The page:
Florida’s Insurance Commissioner Kevin McCarty has testified to a congressional committee in Washington, D.C. on the need for a national plan to respond to catastrophic events, and posed the question: “Is America’s Housing Market Prepared for the Next Natural Disaster?”
McCarty, who testified on behalf of the National Association of Insurance Commissioners, has been a vocal proponent of such a plan both as the state insurance commissioner and as chairman of both the NAIC’s Catastrophe Insurance Working Group and the Property and Casualty Insurance Committee.
“I do not think we can truly prepare the housing market for a mega-catastrophe without a comprehensive national strategy,” McCarty told the House Committee on Financial Service’s Subcommittee on Housing and Community Opportunity. “Insurance is only one of the critical components needed to truly provide a level of economic security in the face of catastrophic natural disasters for all Americans.”
“The committee has phrased today’s question succinctly, the problem is an economic problem, not simply an insurance problem,” McCarty said. “I have spent much of my professional career working on issues resulting from the economic effects of natural disasters, both before they occur as well as after they occur. As a result of these experiences, I firmly believe that insurance is a critical, but not complete, answer to our nation’s resilience in the face of catastrophic natural disasters. Insurance claim payments are the economic catalyst that restarts an affected region in the aftermath of a natural catastrophe. But, as experience repeatedly shows, pre-event disaster planning, effective mitigation and rational building codes are crucial parts of the solution.”
McCarty’s testimony focused on the role of insurance within the context of the question: “Is America’s Housing Market Prepared for the Next Natural Catastrophe?” If I were to try and offer a simple answer to this terribly important question, I am afraid that answer would have to be “maybe, up to a point.
“Today, the ability of housing markets, as well as local and regional economies, to withstand and recover from the next natural catastrophe depends critically on what type of peril creates the disaster, where the disaster occurs, and the severity of the disaster event,” the commissioner said. “The different types of natural disasters are managed very differently. This, in turn, can lead to highly different outcomes.”
According to McCarty, wind events, including tornados and hurricanes, are considered a basic covered peril in the vast majority of homeowner’s insurance policies. Flood, on the other hand, is only rarely written by the private insurance industry for residential property; since 1968 the National Flood Insurance Program has been the public solution to managing this risk. Finally seismic events, especially earthquakes, are not considered a standard covered peril, and aside from the California Earthquake Authority, there is no public mechanism to underwrite the risk, so coverage is restricted to being an optional coverage, where available, in the private insurance market.
“If the next natural catastrophe is a significant flood event, the ability of the affected housing markets and economies to endure and recover is going to depend critically on the degree to which affected properties were insured with the NFIP,” McCarty explained. “Unfortunately, recent evidence from 2004 and 2005 suggests that far too many properties damaged by flood were uninsured; either they were outside of the mandatory flood plains as dictated by antiquated maps, or they were in the mandated flood zones, but were uninsured anyway. A recent study by the Rand Corp. provides evidence that suggests that the rate of take-up (that is how often the coverage is purchased) outside of the mandated zones is around 5 percent, and the take-up rate in mandated zones is only about 75 percent.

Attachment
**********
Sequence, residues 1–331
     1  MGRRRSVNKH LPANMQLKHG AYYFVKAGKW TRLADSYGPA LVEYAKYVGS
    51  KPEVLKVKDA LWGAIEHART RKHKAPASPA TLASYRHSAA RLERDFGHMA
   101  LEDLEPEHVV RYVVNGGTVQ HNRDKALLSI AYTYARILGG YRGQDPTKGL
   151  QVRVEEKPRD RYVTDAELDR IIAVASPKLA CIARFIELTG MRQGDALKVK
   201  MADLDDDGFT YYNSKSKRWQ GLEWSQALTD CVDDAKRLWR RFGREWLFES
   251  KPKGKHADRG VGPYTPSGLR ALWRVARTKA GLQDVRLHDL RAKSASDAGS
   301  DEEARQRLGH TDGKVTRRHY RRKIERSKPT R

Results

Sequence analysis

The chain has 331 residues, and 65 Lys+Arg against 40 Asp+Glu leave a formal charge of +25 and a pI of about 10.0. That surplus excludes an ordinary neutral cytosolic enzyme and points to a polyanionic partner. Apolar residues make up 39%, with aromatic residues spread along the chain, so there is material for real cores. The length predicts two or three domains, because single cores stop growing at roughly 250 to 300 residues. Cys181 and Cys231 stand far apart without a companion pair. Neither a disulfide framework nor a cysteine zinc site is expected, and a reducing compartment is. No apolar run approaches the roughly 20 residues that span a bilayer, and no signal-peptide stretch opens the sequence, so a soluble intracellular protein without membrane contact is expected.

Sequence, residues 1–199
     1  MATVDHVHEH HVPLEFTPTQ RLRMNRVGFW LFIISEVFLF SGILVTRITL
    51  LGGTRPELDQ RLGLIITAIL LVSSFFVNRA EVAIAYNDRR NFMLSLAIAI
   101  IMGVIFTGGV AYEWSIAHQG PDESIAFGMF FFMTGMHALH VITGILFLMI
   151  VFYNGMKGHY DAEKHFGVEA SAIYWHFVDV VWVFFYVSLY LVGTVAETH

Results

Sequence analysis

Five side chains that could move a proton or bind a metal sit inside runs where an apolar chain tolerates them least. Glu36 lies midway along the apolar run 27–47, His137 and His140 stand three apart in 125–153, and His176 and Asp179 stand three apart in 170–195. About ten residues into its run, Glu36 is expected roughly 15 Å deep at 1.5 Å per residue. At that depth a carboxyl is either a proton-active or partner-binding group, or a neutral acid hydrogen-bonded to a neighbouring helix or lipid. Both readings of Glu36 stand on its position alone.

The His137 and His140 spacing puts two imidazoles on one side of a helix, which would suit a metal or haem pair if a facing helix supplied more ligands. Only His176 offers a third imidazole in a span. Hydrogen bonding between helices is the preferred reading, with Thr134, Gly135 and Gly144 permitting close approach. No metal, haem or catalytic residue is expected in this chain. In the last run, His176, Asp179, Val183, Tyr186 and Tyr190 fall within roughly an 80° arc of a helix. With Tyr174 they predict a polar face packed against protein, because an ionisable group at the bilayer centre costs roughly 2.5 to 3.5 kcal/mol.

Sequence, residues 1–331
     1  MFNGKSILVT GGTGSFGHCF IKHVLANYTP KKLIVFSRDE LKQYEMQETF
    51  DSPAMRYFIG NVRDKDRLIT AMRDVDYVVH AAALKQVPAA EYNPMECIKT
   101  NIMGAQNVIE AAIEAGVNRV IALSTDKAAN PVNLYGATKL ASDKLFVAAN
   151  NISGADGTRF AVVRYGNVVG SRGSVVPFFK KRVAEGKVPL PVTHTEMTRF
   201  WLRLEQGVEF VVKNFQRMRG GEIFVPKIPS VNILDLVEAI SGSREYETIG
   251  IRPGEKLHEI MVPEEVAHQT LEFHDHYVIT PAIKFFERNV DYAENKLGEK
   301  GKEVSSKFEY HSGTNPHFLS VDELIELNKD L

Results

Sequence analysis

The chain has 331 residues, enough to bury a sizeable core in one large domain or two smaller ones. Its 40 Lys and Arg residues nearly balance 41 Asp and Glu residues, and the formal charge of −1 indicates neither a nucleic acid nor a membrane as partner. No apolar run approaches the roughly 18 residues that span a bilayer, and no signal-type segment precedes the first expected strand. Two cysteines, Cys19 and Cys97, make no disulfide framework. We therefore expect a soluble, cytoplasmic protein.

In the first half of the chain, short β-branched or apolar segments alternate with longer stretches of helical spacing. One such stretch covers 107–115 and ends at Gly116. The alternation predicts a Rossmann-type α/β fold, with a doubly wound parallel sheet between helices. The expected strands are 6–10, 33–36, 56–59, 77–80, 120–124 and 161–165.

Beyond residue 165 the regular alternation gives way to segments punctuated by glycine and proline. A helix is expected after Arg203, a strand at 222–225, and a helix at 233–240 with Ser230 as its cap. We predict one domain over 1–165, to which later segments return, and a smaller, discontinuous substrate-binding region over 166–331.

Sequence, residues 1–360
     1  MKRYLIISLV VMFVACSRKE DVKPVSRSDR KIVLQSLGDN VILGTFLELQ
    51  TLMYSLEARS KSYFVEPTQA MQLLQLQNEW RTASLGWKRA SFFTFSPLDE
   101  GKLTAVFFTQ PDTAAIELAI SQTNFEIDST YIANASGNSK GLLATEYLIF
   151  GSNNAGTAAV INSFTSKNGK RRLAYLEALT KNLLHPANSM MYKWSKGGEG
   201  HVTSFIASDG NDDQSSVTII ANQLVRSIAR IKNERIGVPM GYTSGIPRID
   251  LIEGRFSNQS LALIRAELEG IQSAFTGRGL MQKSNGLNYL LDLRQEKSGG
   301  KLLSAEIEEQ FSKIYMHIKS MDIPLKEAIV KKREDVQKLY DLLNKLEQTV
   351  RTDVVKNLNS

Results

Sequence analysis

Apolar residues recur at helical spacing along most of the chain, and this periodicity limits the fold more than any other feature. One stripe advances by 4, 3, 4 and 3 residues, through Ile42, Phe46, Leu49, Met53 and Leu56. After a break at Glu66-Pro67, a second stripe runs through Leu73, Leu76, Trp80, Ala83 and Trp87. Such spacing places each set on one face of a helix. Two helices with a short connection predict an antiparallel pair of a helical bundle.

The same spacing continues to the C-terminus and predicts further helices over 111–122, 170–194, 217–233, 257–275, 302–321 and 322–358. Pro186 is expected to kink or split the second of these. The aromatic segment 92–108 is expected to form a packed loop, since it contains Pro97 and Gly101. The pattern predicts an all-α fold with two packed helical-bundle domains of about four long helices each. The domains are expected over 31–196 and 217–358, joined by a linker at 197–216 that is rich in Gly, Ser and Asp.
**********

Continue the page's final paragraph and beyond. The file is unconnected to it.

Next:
“I know that there is pending legislation, both in this body and in the Senate, to improve and modernize the NFIP,” McCarty said. “I encourage you in your efforts, especially to create current risk assessment maps and tools, and to bring rationality into the pricing of flood insurance. An under-priced policy that does not accurately reflect the risk of the event only makes the economic problems associated with flood worse.
“If the next natural catastrophe is an earthquake, the ability of the affected housing markets regional economies to endure and recover is going to be dependent on the degree of disaster relief coming from the federal government. The reason is really quite simple; the majority of residential property in earthquake prone areas is not insured for this very real risk.
In California, for example, it is estimated that the take-up rate for optional earthquake insurance is about 14 percent. The same take-up rate is frequently suggested to be true in the earthquake prone areas in the Midwest’s New Madrid area, and along the eastern seaboard’s seismically active areas.
The economic results of a major earthquake could be disastrous. Consider a widely referenced recent study by Risk Management Solutions, a catastrophe modeling firm, which estimated the losses associated with a repeat of the 1906 San Francisco earthquake.
While much has been made of the reported estimate of $50 to $80 billion in insured losses, the much more disturbing number is an estimate of total property damage of around $260 billion. How will the majority of the damage be rebuilt without insurance? Without houses for people to live in and business for people to work in, how will the economy recover?”
Source: Florida Department of Insurance